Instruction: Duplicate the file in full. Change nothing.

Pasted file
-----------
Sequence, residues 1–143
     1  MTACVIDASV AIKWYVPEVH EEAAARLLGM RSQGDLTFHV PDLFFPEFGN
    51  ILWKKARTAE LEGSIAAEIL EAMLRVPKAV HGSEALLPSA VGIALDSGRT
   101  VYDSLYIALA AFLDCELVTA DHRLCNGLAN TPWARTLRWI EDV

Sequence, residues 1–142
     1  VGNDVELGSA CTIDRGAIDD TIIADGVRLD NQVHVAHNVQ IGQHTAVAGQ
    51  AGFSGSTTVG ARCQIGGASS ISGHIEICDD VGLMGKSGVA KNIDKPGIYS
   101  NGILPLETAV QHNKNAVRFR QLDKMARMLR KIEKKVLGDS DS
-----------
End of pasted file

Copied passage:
Sequence, residues 1–143
     1  MTACVIDASV AIKWYVPEVH EEAAARLLGM RSQGDLTFHV PDLFFPEFGN
    51  ILWKKARTAE LEGSIAAEIL EAMLRVPKAV HGSEALLPSA VGIALDSGRT
   101  VYDSLYIALA AFLDCELVTA DHRLCNGLAN TPWARTLRWI EDV

Sequence, residues 1–142
     1  VGNDVELGSA CTIDRGAIDD TIIADGVRLD NQVHVAHNVQ IGQHTAVAGQ
    51  AGFSGSTTVG ARCQIGGASS ISGHIEICDD VGLMGKSGVA KNIDKPGIYS
   101  NGILPLETAV QHNKNAVRFR QLDKMARMLR KIEKKVLGDS DS